• Microsoft.Practices.EnterpriseLibrary.Common
    • Microsoft.Practices.EnterpriseLibrary.Data
    • Microsoft.Practices.EnterpriseLibrary.ExceptionHandling
    • Microsoft.Practices.EnterpriseLibrary.Logging
    • Microsoft.Web.Services3

Finally, Add the following to the top of your Program.cs:

using Interprise.Facade.Base;
using Interprise.Facade.Customer;
using Interprise.Framework.Base.Shared;
using Interprise.Framework.Customer.DatasetGateway;

 

Configuration and Sign-in

In Program.cs, replace the Main method with the following:

static void Main(string[] args) {
    try {
        SimpleFacade.Instance.SignIn();
        //Run();
    }
    finally {
        SimpleFacade.Instance.SignOut();
    }
}

This logic signs into Interprise using the information in your project’s app.config file.  The process looks like this (as far as I can tell):

  1. Look for a cached executible config
  2. If that is not found, copy the current config file to the cache directory
  3. Load the values
  4. Sign-in

I want to call out a note on the cache.  The directory where the cache happens is : C:\ProgramData\Interprise Suite\1.0.0.0\Debug (with the version being your application’s version).  It is important to note that if you make changes to your app.config, you must delete the cached version of the file.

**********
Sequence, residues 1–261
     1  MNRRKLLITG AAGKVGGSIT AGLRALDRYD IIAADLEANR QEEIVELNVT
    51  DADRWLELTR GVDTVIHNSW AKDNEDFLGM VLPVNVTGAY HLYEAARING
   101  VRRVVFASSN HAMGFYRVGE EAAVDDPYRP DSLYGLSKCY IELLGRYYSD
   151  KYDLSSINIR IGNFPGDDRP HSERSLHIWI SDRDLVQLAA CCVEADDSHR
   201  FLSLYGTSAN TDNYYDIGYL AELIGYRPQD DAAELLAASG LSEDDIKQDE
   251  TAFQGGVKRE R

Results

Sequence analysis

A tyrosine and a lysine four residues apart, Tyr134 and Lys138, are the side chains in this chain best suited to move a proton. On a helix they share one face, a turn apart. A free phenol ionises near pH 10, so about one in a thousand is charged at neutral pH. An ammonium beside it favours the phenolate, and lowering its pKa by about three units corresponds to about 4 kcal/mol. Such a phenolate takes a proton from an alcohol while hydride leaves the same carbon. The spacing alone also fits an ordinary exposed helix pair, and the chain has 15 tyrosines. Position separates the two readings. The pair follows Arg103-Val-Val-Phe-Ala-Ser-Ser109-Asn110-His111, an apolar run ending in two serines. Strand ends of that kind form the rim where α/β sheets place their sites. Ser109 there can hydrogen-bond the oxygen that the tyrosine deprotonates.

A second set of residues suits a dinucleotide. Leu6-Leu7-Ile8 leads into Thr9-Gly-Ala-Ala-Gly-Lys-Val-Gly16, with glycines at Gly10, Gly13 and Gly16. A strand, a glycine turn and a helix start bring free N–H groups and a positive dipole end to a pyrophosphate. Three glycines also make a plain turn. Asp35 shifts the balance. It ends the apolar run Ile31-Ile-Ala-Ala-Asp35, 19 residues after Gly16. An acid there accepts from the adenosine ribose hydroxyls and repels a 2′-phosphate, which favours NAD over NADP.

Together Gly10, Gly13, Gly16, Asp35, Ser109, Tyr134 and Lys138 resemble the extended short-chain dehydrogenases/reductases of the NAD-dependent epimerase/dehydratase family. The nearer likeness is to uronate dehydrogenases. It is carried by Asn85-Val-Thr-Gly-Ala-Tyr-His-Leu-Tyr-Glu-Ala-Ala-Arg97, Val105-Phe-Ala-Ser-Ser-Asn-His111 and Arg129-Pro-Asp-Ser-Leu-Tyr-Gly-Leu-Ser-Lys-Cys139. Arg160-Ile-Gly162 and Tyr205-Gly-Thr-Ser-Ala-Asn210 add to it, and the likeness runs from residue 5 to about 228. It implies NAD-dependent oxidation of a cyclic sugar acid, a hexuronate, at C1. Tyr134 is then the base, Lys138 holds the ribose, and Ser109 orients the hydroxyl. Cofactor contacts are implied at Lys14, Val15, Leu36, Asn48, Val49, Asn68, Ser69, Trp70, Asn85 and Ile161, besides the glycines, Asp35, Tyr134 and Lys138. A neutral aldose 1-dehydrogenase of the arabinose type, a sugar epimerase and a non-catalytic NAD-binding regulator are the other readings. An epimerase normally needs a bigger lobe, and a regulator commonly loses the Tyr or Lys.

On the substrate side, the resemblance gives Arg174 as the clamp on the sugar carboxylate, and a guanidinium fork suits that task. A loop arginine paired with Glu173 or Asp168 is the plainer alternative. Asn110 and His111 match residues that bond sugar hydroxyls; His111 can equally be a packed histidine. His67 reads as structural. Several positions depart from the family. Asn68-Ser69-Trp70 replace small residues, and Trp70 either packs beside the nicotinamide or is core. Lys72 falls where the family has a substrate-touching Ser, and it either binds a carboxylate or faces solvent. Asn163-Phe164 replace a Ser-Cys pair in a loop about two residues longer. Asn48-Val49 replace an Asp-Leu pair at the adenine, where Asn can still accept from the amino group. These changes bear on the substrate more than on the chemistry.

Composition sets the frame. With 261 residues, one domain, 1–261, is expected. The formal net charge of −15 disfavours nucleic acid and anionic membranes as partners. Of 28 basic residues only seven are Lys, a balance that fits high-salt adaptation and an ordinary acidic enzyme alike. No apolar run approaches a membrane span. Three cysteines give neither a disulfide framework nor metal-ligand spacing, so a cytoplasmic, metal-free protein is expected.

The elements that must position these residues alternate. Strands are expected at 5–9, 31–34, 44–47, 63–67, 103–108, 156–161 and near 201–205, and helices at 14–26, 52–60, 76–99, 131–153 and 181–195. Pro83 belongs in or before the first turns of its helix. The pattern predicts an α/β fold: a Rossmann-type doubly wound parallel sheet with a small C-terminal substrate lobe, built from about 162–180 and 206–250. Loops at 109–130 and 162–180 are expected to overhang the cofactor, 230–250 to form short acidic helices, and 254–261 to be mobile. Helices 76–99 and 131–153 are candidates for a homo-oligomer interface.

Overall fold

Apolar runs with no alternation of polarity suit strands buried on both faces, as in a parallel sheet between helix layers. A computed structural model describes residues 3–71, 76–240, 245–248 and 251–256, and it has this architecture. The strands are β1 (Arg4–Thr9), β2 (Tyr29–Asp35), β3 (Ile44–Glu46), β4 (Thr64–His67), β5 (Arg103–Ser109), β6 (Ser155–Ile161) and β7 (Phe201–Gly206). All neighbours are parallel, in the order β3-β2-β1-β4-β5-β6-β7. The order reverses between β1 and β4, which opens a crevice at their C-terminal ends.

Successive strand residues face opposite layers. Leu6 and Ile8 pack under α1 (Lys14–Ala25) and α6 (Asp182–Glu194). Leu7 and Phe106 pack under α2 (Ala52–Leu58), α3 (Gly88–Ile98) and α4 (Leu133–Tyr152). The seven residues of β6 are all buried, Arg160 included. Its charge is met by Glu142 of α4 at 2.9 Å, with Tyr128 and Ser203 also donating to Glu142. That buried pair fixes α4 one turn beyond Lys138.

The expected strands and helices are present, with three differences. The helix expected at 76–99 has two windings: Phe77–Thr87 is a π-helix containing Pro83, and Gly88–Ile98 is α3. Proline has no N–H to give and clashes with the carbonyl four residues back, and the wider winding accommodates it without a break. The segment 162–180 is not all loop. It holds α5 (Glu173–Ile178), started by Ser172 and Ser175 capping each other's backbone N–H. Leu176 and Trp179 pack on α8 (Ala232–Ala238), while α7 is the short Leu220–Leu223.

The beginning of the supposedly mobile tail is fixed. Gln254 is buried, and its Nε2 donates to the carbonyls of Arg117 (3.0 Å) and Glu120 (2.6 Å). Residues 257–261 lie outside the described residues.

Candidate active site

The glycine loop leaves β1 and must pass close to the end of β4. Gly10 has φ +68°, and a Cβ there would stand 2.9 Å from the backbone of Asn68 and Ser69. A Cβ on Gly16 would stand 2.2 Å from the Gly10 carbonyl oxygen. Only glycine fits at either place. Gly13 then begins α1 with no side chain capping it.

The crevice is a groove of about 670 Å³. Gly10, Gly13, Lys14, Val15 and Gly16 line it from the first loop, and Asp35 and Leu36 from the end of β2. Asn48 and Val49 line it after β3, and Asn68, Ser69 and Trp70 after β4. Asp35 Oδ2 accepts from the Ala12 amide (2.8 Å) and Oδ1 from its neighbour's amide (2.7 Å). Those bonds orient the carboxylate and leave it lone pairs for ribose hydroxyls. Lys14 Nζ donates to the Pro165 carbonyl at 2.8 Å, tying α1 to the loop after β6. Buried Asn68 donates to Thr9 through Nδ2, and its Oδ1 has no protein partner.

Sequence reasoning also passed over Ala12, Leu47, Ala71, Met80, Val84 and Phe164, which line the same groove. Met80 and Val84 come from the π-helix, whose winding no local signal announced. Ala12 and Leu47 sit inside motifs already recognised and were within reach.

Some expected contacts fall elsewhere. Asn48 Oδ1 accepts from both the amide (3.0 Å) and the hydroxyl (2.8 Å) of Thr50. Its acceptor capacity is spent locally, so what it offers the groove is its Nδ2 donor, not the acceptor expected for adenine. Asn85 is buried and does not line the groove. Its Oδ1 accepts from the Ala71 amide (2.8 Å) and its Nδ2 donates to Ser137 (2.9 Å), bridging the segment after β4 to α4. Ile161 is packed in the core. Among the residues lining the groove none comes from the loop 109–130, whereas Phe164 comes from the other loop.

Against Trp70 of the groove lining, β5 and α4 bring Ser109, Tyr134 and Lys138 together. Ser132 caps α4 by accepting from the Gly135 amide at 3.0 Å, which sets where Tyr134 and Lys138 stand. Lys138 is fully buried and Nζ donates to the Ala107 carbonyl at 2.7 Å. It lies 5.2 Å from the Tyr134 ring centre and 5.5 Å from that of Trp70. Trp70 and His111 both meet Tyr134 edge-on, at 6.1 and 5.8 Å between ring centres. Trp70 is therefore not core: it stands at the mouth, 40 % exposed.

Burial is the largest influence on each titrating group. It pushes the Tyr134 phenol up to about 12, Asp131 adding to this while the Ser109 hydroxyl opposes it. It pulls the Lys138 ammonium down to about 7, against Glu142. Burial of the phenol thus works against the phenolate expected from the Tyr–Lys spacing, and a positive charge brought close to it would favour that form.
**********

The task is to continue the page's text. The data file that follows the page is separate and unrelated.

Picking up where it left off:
As for what to put in your app.config file, you can use the AppConfig tool included with Interprise.  Or you can steal it out of the current cached copy (C:\ProgramData\Interprise Suite\6.0.6.10\Interprise Suite 6.0\InterpriseSuite.exe.config) and paste it into your app.config.

Troubleshooting: Add the following line of code before the sign-in:

var MyConfig = InterpriseConfiguration.Instance;

using a breakpoint, inspect the values in MyConfig for sanity.  If they are not what you would expect, something is wrong with your config file.

Getting Some Data

Now for the big moment, getting some data.  Add the following method to Program.cs:

static void Run()
{
    using (var MyShipToDataset = new ShipToDatasetGateway())
    {